Lawrence of Arabia and Britain’s War in the Desert, 1916-1918
To mark the centenary of the capture of Aqaba, Dr Rob Johnson and Dr John Peaty brought together some colleagues and friends to discuss Lawrence and Britain’s desert war at Pembroke College, Oxford. The speakers were John Peaty, Dr Neil Faulkner, Gp Capt John Alexander, Maj Dr Paul Knight and Dr Rob Johnson. The event was part funded by the Oxford Changing Character of War Centre and the Society for Army Historical Research.
The assessment of Lawrence and the revolt might easily be broken down into the three logical elements of his personal contribution, the Arab forces, and the British armed forces. There is no doubt that Lawrence was personally courageous, from his early intrepid travels to the daring raids deep behind Ottoman lines in the war. Lawrence seemed suited to desert warfare, although, despite his obvious individualism and preference for freedom of action, he praised others in Seven Pillars of Wisdom and claimed it had been a team effort. He was embarrassed by Lowell Thomas ‘booming’ him, and he evidently suffered a profound loss of confidence at times, and especially after the war. A deeply-flawed man, he was also an evocative writer. It seems clear that he suffered a form of post-traumatic stress, and his reclusiveness, not least at Cloud’s Hill, his home in Dorset, underscored that. Even his portraits show a haunted, troubled image. But he was clearly enamoured by his experiences with the RFC and the armoured car companies in 1918 which informed his choice of service as ‘Ross’.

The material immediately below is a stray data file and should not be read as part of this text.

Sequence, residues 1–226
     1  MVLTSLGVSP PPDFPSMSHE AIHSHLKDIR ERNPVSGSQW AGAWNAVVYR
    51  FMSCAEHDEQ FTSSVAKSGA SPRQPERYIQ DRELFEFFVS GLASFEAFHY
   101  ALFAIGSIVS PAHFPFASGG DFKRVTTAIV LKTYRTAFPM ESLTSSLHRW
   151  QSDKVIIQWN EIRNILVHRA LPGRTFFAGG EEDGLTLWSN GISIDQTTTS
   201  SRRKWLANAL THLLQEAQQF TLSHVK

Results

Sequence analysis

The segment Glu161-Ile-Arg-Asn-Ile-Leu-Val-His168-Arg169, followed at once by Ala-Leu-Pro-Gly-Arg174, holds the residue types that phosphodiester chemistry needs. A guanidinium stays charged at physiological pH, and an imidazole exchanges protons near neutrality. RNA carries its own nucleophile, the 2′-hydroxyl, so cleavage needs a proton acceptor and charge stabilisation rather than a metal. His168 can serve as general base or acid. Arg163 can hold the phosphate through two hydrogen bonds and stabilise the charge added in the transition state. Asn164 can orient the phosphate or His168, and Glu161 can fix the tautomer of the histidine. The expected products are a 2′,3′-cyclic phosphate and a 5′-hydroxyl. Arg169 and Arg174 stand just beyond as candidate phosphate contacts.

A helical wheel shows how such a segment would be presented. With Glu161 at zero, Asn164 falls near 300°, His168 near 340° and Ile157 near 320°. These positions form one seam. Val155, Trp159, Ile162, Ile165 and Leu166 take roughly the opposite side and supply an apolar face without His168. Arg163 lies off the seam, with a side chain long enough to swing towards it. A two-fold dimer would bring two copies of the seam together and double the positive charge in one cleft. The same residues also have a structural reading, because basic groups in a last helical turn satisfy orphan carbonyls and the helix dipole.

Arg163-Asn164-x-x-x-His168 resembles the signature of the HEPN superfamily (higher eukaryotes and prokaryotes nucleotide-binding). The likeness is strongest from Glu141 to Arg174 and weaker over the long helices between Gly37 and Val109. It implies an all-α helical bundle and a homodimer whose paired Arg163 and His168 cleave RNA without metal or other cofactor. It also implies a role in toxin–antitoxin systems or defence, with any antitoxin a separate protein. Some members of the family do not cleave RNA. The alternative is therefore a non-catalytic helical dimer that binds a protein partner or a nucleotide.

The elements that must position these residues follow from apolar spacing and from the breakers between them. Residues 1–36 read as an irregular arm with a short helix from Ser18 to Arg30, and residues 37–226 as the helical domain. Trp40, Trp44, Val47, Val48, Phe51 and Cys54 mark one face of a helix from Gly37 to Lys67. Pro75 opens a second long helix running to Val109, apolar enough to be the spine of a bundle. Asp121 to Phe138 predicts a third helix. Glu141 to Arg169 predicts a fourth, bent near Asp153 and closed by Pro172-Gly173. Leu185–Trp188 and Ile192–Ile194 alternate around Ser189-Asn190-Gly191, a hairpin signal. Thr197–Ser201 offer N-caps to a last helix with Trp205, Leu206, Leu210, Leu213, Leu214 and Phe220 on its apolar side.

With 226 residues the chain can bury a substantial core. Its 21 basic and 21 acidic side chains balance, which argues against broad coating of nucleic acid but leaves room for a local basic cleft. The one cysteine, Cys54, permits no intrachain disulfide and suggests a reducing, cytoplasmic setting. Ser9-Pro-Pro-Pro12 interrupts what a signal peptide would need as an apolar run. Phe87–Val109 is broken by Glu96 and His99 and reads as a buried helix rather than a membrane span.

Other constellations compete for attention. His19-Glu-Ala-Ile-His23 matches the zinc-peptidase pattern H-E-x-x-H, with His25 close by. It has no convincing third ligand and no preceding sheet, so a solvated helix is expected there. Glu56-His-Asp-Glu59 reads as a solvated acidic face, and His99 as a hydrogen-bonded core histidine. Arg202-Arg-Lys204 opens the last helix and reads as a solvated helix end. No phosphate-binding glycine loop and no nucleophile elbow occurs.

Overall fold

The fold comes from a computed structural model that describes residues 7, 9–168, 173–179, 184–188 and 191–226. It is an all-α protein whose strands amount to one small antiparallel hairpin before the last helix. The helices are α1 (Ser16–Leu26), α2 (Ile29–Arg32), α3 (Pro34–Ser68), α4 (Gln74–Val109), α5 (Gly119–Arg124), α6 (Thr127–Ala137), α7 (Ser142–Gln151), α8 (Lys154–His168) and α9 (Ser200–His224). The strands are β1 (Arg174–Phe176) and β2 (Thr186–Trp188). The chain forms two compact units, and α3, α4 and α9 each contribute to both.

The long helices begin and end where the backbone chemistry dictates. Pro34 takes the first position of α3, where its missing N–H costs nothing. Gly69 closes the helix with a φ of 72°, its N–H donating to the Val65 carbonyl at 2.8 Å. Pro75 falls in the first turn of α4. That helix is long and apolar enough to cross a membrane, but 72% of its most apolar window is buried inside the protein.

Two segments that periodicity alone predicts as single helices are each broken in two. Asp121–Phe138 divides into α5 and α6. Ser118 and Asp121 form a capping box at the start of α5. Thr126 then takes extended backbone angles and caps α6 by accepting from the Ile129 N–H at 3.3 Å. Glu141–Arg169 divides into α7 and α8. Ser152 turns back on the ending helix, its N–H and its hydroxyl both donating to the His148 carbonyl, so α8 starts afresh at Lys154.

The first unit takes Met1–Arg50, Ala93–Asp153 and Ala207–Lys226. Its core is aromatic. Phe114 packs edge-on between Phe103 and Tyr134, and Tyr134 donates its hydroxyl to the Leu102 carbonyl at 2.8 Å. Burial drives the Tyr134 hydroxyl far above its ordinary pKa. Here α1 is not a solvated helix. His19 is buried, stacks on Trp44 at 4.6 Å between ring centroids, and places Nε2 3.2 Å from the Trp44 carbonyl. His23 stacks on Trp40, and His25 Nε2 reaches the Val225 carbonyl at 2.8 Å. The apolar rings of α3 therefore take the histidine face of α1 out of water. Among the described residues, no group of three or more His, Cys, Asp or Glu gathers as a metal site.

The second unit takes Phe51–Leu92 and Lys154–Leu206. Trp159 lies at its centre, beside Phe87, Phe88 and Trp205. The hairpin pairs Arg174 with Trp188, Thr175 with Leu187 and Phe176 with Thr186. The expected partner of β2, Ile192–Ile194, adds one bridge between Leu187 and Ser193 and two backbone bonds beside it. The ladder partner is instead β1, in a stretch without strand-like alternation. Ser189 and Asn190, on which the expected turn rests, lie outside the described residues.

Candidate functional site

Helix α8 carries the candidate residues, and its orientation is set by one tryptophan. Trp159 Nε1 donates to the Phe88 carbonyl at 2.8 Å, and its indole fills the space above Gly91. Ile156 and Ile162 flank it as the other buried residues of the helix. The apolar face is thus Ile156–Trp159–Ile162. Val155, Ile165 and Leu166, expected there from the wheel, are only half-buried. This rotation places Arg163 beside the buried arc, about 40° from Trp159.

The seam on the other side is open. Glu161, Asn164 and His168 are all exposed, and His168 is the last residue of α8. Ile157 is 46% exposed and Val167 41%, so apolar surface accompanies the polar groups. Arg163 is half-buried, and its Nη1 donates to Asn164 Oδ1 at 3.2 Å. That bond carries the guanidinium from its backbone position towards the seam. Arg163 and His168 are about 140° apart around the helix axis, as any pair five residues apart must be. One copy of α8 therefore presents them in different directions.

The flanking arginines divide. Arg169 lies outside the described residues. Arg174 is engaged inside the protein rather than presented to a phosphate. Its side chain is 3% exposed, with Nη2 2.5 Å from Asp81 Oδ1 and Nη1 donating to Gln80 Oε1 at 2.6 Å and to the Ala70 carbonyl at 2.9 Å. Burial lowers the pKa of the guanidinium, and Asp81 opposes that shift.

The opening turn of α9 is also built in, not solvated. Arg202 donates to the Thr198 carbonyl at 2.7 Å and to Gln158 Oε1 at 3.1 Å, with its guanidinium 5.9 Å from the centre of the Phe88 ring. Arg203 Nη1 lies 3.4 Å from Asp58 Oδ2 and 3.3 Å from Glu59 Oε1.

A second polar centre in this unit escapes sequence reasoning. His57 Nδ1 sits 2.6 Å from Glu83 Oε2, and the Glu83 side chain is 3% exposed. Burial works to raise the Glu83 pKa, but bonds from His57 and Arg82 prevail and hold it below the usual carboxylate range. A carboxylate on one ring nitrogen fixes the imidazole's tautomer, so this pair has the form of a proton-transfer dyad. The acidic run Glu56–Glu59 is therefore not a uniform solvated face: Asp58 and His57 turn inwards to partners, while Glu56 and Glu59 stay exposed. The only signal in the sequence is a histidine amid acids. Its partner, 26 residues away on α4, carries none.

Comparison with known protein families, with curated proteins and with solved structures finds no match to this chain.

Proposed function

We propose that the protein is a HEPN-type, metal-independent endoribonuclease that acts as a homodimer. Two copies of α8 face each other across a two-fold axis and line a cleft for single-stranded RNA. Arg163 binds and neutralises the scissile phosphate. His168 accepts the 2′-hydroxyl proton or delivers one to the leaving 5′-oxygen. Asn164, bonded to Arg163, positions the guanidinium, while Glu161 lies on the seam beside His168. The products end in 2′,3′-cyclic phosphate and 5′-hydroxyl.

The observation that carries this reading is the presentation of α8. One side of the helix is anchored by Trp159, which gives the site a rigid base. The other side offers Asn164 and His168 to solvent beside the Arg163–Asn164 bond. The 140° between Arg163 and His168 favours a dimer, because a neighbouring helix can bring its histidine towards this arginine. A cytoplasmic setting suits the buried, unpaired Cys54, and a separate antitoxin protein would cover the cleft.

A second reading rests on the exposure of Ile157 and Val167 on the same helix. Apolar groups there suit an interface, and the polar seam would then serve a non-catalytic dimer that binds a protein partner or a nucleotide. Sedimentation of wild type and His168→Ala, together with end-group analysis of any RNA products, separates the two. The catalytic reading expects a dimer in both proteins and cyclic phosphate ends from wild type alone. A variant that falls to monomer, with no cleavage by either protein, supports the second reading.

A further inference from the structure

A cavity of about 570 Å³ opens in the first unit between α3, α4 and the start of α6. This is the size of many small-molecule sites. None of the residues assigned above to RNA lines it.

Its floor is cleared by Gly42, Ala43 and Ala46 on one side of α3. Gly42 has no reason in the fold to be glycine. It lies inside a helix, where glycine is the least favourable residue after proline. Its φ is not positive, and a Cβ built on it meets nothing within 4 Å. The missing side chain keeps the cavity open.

Neil Faulkner gave an excellent exposition of Lawrence’s motivations, and we were treated to the fruits of his archaeological work which verifies his raiding activities. The matching of paragraphs in Seven Pillars with actual locations and artefacts found at the site demonstrates that Lawrence’s account is accurate in many details.
We concluded the revolt would not have been a success without the British and Indian armies, the cover of the Royal Air Force or the efforts of the Royal Navy. The Ottomans had demonstrated that they could overpower Arab forces if they caught them, but Lawrence made a virtue of their elusive quality in the vastness of the desert. Arab disunity, which sabotaged the achievement of taking Damascus, and which was later blamed on outsiders, had been a significant problem for Lawrence as he identified in Seven Pillars. We were treated to excellent visual presentations of armoured car and air support by Group Captain Alexander.
Paul Knight explained more of the little known period of Lawrence’s time in Mesopotamia, including the negotiations over the fate of the Kut garrison in 1916. John Peaty gave a detailed account of the portrayal of Lawrence, especially the movie moguls, contrasting that with the real Lawrence and his actual war service.
The day gave us a rather balanced verdict on the Revolt and Lawrence’s achievements. Aqaba was a turning point in many ways but Ottoman efforts almost wrecked the advantage gained. Continued setbacks to the Arab irregulars meant that Britain had to commit more significant resources to sustain Feisal’s force. This included the hard materiel of war and regular personnel. There were further problems, yet none of the setbacks to these causes in any way diminishes the extraordinary ride of Lawrence in that war. He cannot be faulted for trying or risking all for what he regarded as a just cause.
John Peaty has also written recently on Palestine in John Wilson’s edited volume commissioned by the British Army entitled Forgotten Fronts.
Rob Johnson is the author of The Great War and the Middle East (OUP, 2016) which briefly set Lawrence and the British operations in Palestine in their strategic context.
 John Wilson, (ed.), Battlefield Guide, vol 2: The Forgotten Fronts (Andover: Army Headquarters, 2016). See also Robert Johnson, ‘Mesopotamia’, in the same volume.